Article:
Cunningham wanted to distance himself from the dance in order to allow viewers space for projection and interpretation of the human form, isolated only in time and space. However, through many of the Solos, Duets, and Trios selected for the exhibition it becomes exceedingly clear that his style occupied a unique in-between ground, marked by romantic sensibilities and stripped-down classicism along with the ingenuity of modern dance. (His duets are particularly poetic, such as Scramble, 1967, Trails, 1982 and Rainforest, 1968) The dancers are overtly balletic: stretching, folding, and bending with sculptural precision and accented with the slightest traces of human theater. It is an interesting paradox for all of the artists that were trying desperately to break with history but was still very much bound by it.

Charting this complicated relationship between an artist’s process and desired outcome begins to explain how we arrived at such a diverse moment within contemporary conceptual practice. And it allows us to meditate on the difficulties artists faced while breaking from classicism. But most importantly, this exhibit reunites friends within the type of institution that tends to segregate them based on genre, movement, and media into separate rooms and even under different curators. The dialogue between these seminal artists was lifelong, represented by a recent Johns piece from 2007 (the large aluminum-plated piece Numbers) whose surface was imprinted with the right foot of Merce Cunningham only two years before his passing. As art history canonizes its heroes more rapidly, sometimes even before their death, this exhibit coaxes us to revisit the recent past as a living vibrant moment and not as a series of fossilized artifacts.



"Dancing Around the Bride," 2012. Exhibition view.**

Dancing Around the Bride is on display at the Philadelphia Museum of Art through January 21, 2013. 


Kelsey Halliday Johnson is an artist and writer based in Philadelphia. She is the Performance Coordinator at Vox Populi gallery.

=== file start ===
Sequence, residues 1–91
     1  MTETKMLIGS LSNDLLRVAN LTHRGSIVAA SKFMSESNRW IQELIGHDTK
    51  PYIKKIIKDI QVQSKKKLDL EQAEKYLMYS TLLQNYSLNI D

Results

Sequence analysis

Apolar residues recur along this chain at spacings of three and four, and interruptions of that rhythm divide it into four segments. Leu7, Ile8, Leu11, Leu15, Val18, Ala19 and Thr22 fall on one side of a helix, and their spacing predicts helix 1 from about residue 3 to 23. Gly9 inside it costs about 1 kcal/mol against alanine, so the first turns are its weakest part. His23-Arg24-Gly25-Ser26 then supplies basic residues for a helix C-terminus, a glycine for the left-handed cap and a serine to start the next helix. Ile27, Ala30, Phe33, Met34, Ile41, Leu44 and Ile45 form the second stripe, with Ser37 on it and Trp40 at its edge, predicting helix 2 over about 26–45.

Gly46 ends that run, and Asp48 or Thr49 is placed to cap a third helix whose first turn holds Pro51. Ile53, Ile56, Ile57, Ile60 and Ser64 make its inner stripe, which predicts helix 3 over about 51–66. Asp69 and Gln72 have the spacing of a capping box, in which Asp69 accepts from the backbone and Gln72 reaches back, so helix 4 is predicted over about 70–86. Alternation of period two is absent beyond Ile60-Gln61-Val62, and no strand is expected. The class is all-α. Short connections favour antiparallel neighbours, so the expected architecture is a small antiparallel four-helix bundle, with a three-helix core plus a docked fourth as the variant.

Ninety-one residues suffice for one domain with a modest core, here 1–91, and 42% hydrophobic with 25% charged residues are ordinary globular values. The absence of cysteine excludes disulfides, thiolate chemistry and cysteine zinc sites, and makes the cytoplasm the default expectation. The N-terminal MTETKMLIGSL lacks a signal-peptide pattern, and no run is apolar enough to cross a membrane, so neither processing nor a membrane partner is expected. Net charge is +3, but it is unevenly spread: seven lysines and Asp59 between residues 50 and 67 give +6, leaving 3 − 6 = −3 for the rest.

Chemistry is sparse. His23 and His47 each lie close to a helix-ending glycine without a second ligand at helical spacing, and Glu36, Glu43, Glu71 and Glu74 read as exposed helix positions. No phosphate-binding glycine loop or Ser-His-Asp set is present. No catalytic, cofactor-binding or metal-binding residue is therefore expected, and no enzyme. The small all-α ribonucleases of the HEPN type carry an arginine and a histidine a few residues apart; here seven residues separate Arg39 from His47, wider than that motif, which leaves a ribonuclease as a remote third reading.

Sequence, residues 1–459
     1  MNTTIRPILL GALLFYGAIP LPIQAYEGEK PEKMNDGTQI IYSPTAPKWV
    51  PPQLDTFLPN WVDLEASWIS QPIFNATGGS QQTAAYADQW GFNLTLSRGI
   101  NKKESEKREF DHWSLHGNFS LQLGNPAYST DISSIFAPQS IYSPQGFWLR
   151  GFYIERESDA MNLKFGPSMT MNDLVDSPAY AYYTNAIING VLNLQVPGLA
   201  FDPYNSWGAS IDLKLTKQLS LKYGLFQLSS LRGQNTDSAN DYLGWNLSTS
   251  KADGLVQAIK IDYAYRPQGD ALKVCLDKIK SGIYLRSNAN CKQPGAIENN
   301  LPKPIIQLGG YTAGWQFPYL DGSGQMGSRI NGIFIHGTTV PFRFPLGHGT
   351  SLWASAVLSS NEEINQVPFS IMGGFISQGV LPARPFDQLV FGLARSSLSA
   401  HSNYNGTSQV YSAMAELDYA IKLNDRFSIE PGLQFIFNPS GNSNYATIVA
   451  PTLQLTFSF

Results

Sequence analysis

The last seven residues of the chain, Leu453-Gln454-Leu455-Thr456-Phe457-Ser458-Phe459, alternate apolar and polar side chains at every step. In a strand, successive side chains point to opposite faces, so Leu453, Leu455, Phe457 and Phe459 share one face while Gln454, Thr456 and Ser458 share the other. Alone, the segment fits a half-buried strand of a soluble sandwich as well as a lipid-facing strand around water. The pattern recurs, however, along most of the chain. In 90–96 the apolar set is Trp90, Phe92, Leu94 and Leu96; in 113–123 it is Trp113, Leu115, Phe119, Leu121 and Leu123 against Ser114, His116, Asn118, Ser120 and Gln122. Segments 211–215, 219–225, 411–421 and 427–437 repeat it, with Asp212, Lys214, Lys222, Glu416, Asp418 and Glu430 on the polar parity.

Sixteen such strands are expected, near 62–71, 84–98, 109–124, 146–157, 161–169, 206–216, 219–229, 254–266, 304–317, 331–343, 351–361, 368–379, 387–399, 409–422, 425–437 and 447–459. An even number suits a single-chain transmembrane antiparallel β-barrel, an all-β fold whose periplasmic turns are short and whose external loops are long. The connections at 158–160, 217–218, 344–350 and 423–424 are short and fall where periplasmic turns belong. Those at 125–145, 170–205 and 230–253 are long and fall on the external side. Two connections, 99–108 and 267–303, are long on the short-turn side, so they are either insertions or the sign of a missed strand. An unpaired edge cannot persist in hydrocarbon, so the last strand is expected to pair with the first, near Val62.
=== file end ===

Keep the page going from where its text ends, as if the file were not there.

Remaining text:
*"Dancing Around the Bride," 2012. Exhibition view. Photos by Contance Mensh, Philadelphia Museum of Art. Top: Robert Rauschenberg, Bride's Folly, 1959. Oil, fabric, paper, printed paper collage and metal on canvas; 57 1/2 x 39 3/4 inches (146.1 x 101 cm). Private Collection. Bottom: Main stage. 

**"Dancing Around the Bride," 2012. Exhibition view. Photos by Contance Mensh, Philadelphia Museum of Art. Top: Entrance marquee.
Robert Rauschenberg, Set for Tantric Geography, 1977. Row of wood chairs mounted on dollies separated by bicycle wheels, fabric. Eight dollies: wood boxes with four casters, painted white, each marked with numbers 1-8 and arrows; dollies link in a train with joining hardware. Five stainless steel bycicle wheels. Four pipes, aluminium and cast iron; two wood base plates with speed-rail joint painted black; Each (single dolly): 8 1/2 x 23 1/2 x 23 1/2 inches (21.6 x 59.7 x 59.7 cm) Each (pipe): 16 inches (40.6 cm) Each (wood base plate): 15 x 8 1/2 x 1 inches (38.1 x 21.6 x 2.5 cm) Each (folding chair): 34 x 11 x 1 1/2 inches (86.4 x 27.9 x 3.8 cm) Each (wood stool): 18 1/2 x 12 1/2 x 10 inches (47 x 31.8 x 25.4 cm). Walker Art Center, Minneapolis Walker Art Center, Merce Cunningham Dance Company Collection, Gift of Jay F. Ecklund, the Barnett and Annalee Newman Foundation, Agnes Gund, Russell Cowles and Josine Peters, the Hayes Fund of HRK Foundation, Dorothy Lichtenstein, MAHADH Fund of HRK Foundation, Goodale Family Foundation, Marion Stroud Swingle, David Teiger, Kathleen Fluegel, Barbara G. Pine, and the T. B. Walker Acquisition Fund, 2011. 

Jasper Johns, set for Walkaround Time, 1968. Plastic, paint; Each (Bride): 103 x 41 x 25 1/2 inches (261.6 x 104.1 x 64.8 cm) Each (Occult Witness): 41 x 35 x 25 1/2 inches (104.1 x 88.9 x 64.8 cm) Each (9 Malic Molds): 54 x 80 3/4 x 25 1/2 inches (137.2 x 205.1 x 64.8 cm) Each (Sieves/Parasols): 38 1/2 x 49 1/2 x 25 1/2 inches (97.8 x 125.7 x 64.8 cm) Each (Milky way with Nets): 37 x 108 x 25 1/2 inches (94 x 274.3 x 64.8 cm) Each (Chocolate Grinder): 85 1/4 x 95 3/4 x 25 1/2 inches (216.5 x 243.2 x 64.8 cm) Each (Watermill): 90 x 54 1/2 x 25 1/2 inches (228.6 x 138.4 x 64.8 cm). Walker Art Center, Minneapolis T. B. Walker Acquisition Fund, 2000.